FIFI PETERS: One of the latest interventions that we have seen this side, the minimum wage has been put into place; in fact there [were] inflation- related increases to the minimum wage as an attempt to try and level the playing field. We also have talks of a basic income grant, and the efficacy that could have in levelling inequality. What’s your view on those interventions?

PIERELLA PACI: The normal wage ……8:25 the type of policy that could help to at least address the issue of low wages at the bottom end and the distribution. It’s still quite effective ……8:36 the minimum wage in South Africa ……before. That’s actually been a useful instrument that way.

The issue is that there is a potential trade-off between minimum wage and job opportunity. By all means I think it’s a good way of addressing, looking after the bottom end of the grant distribution, but let’s not forget that there is a part of the population that doesn’t even have the opportunity to get to ……9:10 and that is high unemployment rates, and  unemployment rates are huge, you know much better that I do. I mean, that’s staggering; it’s still roughly 50% of the population.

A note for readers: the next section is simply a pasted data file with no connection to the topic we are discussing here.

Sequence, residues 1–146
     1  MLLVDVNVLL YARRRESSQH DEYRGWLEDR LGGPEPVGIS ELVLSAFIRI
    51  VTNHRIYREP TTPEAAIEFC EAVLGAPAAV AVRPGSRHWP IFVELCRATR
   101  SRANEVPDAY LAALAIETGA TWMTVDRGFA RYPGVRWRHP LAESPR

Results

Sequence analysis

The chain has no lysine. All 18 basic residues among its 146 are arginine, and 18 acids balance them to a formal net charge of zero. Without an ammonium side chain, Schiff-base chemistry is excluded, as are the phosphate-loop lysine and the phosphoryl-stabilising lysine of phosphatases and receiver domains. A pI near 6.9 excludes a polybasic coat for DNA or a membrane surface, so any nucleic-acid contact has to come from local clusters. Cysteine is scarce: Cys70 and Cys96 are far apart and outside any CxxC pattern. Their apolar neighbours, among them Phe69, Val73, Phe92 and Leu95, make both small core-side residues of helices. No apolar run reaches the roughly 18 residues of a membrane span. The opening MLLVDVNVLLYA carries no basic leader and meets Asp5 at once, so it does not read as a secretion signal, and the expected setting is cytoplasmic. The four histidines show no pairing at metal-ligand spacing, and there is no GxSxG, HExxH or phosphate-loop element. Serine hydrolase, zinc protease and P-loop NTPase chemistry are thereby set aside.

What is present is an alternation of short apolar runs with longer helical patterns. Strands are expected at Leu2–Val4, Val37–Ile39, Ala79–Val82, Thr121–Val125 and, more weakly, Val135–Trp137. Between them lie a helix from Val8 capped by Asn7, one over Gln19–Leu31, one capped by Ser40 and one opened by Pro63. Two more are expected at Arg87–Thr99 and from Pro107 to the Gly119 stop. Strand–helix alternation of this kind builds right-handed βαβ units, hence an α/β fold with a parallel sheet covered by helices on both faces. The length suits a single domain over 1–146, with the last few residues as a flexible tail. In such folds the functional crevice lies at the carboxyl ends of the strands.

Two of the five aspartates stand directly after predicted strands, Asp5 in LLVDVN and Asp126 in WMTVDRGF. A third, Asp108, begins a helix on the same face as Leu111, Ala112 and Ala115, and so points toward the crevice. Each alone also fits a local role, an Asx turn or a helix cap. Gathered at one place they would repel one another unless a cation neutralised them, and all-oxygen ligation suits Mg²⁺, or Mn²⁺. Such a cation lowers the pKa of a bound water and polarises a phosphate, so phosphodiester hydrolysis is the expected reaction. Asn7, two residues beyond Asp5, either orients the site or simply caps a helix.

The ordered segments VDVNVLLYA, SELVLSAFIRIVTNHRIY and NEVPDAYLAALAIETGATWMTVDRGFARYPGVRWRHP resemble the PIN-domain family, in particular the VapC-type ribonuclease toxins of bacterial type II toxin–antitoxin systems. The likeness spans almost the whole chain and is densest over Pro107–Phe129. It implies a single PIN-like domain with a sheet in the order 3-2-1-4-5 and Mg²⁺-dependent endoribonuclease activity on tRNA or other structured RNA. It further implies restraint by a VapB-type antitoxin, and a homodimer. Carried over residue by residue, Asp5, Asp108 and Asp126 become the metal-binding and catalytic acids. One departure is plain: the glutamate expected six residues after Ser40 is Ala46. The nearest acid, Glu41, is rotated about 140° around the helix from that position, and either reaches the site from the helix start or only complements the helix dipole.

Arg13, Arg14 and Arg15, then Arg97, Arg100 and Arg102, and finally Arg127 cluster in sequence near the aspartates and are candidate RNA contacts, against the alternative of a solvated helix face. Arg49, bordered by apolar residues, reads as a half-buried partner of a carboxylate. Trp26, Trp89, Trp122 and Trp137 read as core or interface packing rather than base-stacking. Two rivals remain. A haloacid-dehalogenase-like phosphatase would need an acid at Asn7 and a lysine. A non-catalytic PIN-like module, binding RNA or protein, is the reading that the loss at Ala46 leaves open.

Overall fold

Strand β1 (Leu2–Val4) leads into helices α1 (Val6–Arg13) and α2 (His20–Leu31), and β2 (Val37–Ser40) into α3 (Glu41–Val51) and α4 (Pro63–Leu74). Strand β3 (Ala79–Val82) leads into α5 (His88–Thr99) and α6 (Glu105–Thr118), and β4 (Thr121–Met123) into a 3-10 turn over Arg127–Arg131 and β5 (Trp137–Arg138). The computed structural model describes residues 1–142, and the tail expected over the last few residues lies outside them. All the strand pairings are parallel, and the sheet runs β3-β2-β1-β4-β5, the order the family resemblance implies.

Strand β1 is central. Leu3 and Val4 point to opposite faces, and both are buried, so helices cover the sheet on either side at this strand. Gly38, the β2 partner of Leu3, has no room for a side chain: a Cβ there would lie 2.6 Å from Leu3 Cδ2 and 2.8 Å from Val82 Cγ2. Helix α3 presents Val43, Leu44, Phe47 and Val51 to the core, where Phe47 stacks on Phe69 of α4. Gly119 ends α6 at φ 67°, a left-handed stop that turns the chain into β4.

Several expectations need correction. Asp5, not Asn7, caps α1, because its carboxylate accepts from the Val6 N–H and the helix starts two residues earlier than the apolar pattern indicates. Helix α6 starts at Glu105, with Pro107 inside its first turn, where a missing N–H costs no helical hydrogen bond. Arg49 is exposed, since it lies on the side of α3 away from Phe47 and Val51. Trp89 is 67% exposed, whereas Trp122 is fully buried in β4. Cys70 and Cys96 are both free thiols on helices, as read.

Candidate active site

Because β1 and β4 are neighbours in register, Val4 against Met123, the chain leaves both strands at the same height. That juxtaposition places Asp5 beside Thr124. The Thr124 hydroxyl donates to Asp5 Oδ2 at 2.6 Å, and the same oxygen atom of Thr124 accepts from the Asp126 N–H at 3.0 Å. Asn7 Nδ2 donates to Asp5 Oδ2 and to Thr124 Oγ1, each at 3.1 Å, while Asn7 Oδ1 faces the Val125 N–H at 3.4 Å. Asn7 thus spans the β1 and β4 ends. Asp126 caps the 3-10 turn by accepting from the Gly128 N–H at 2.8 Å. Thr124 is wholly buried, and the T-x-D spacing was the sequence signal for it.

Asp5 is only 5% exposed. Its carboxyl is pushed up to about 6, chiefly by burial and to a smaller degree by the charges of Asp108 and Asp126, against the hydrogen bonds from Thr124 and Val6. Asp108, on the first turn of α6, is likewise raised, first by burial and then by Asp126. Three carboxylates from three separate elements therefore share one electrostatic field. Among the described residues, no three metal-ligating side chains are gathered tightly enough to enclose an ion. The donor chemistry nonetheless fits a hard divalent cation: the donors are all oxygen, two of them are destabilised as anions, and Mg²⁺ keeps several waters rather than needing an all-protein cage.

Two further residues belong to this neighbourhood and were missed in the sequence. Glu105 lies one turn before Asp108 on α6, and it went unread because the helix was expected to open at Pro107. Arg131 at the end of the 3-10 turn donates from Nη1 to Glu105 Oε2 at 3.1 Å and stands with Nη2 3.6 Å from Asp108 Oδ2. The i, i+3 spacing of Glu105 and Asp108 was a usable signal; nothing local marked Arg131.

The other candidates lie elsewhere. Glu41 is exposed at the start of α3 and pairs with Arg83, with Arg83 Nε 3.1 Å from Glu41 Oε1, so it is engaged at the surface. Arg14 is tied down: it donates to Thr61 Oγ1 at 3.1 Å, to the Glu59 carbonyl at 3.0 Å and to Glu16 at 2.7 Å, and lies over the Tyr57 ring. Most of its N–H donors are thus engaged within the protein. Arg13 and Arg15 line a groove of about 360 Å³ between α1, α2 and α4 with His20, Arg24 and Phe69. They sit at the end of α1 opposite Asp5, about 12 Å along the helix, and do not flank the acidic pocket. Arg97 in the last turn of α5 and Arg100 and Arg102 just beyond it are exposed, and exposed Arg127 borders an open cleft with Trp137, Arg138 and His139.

FIFI PETERS: Terrible rate.

PIERELLA PACI: I’m talking about youth, 50% of youth. So in a way the minimum wage addresses ……9:27  insiders, the people who are already working. It doesn’t address the 50% that are not among the youth.

The basic income grant, that’s an interesting question. I know it’s politically a very important issue at the moment in South Africa. I think, again, it clearly does provide a minimum safety net income. I think the problem we find in this study is that overall the social assistance and social protection in South Africa is actually very effective in reducing inequality, but comes at a very high cost because it tends to be very fragmented and not particularly well targeted. So the issue I can see with the basic income grant is that, unless it is targeted somehow, it’s just going to increase even more the lack of targeting in a way that is currently initial.